The goal of the spiritual journey is the transformation of the self.
I have wrestled with the idea of knowing self much the last several years – it often feels selfish. Yet, as Thomas Kempis once wrote, “A humble self-knowledge is a surer way to God than a search after deep learning.”
Let that sink it for a moment.
Often, we strive for more information, thinking that if we can just check off all the boxes or answer all the questions correctly then we are spiritually mature. This mentality has caused so many to strive to be seen by others as righteous, knowledgeable, and all together; yet it has caused many to lack in humility.
I cannot help but notice that when religious people focus on the external, they quickly become rigid, judgmental, and hypocritical – I must confess that I have seen this within myself more times that I would like to admit!
This struggle also seems to be the great struggle Jesus had with the religious leaders of the first century. In the gospel of Matthew, Jesus confronts this tendency by saying the following:
25 “Woe to you, scribes and Pharisees, hypocrites! For you clean the outside of the cup and of the plate, but inside they are full of greed and self-indulgence. 26 You blind Pharisee! First clean the inside of the cup, so that the outside also may become clean.
27 Woe to you, scribes and Pharisees, hypocrites! For you are like whitewashed tombs, which on the outside look beautiful, but inside they are full of the bones of the dead and of all kinds of filth. 28 So you also on the outside look righteous to others, but inside you are full of hypocrisy and lawlessness.”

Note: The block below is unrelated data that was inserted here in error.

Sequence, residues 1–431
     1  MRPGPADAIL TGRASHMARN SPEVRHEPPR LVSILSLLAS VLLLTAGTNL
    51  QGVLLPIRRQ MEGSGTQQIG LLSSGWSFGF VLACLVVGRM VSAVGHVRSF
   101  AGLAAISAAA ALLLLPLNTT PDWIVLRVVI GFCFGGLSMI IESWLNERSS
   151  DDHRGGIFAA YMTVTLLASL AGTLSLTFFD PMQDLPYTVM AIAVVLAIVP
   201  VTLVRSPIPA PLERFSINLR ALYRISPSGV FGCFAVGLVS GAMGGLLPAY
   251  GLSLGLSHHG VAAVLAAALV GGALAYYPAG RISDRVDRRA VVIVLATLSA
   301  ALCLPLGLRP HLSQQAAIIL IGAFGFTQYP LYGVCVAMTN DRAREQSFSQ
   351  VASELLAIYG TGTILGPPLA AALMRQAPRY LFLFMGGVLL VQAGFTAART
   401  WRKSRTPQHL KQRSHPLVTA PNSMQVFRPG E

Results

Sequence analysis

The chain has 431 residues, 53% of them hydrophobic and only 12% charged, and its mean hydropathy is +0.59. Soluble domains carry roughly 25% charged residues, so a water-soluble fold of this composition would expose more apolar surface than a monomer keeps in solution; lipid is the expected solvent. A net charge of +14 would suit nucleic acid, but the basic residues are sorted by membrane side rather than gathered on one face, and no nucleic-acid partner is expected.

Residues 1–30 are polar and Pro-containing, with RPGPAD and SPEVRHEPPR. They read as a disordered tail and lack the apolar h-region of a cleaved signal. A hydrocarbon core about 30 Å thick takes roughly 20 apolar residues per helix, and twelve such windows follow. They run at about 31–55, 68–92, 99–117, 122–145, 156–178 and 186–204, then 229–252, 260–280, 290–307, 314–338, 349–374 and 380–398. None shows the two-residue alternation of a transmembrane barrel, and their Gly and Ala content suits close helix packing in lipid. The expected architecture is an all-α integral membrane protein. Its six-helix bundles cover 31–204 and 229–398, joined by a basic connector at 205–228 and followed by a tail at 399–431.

I think it is easy for us as humans to focus on other people’s junk – in fact it’s not only easy, it boosts our own ego and sense of self-righteousness. It is easier for me to see the places and areas where others should grow or change than it is for me to notice, see, and accept the areas where I have messed up or have room to grow; accepting the shadows within us is a necessary part of our transformation.
Genuinely transformational knowing of self always involves encountering and embracing previously unwelcomed parts of self.
Once we begin to notice things within ourselves, the second and even more difficult step is to accept these things. This is painful for several reasons. First, I would rather ignore these dark places. Second, once I am willing to look at and notice these areas, I struggle with shame and unworthiness, in other words, I struggle to accept these parts of myself.
Brene Brown writes:
We protect ourselves by looking for someone or something to blame. Or sometimes we shield ourselves by turning to judgment or by immediately going into fix-it mode.
She continues to explore the relationship between self-acceptance and extending acceptance toward others:
The heart of compassion is really acceptance. The better we are at accepting ourselves and others, the more compassionate we become.
- Do you struggle to accept yourself?
- What parts of yourself do you struggle to accept? Why?
- Do you believe that God accepts all parts of you?
 David Benner, The Gift of Being Yourself, 14.
 Matthew 23:25-28
 David Benner, The Gift of Being Yourself, 52.
 Brene, Brown, The Gifts of Imperfection, 16.
 Brene, Brown, The Gifts of Imperfection, 17.